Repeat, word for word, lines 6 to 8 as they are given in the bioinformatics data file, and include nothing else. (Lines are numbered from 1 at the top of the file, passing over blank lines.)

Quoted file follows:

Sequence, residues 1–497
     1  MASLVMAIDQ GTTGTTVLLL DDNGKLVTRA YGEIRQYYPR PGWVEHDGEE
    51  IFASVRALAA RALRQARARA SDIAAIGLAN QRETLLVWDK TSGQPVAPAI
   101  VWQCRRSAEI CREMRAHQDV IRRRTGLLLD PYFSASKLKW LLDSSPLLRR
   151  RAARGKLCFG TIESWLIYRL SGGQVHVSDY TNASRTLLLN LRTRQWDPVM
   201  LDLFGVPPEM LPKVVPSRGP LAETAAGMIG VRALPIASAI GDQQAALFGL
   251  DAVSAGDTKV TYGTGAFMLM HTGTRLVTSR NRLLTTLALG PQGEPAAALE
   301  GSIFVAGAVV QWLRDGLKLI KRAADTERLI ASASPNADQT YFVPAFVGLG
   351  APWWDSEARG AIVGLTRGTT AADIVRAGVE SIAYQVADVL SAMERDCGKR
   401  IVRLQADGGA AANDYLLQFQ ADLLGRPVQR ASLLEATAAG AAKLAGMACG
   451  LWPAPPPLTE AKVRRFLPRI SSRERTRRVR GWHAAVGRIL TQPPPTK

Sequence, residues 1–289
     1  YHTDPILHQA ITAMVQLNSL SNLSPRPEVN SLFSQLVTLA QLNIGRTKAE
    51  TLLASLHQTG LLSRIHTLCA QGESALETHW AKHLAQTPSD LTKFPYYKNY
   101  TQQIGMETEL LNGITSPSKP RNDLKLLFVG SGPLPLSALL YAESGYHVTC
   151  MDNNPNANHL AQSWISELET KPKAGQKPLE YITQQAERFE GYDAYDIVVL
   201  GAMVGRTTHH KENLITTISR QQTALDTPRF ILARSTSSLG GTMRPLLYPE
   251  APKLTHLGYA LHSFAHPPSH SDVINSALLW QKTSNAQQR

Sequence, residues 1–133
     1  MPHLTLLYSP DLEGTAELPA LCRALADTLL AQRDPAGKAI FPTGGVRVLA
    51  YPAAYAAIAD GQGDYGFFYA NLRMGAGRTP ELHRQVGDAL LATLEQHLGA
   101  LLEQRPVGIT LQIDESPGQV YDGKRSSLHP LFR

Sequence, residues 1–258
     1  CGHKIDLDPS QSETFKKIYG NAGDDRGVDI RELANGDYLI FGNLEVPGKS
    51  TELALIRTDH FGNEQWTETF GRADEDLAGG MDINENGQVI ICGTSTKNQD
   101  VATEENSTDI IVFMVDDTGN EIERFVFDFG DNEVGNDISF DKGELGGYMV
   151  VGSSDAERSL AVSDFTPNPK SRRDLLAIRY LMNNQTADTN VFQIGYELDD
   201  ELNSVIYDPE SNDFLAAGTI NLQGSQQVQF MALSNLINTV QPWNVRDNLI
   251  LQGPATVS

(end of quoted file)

   201  LDLFGVPPEM LPKVVPSRGP LAETAAGMIG VRALPIASAI GDQQAALFGL
   251  DAVSAGDTKV TYGTGAFMLM HTGTRLVTSR NRLLTTLALG PQGEPAAALE
   301  GSIFVAGAVV QWLRDGLKLI KRAADTERLI ASASPNADQT YFVPAFVGLG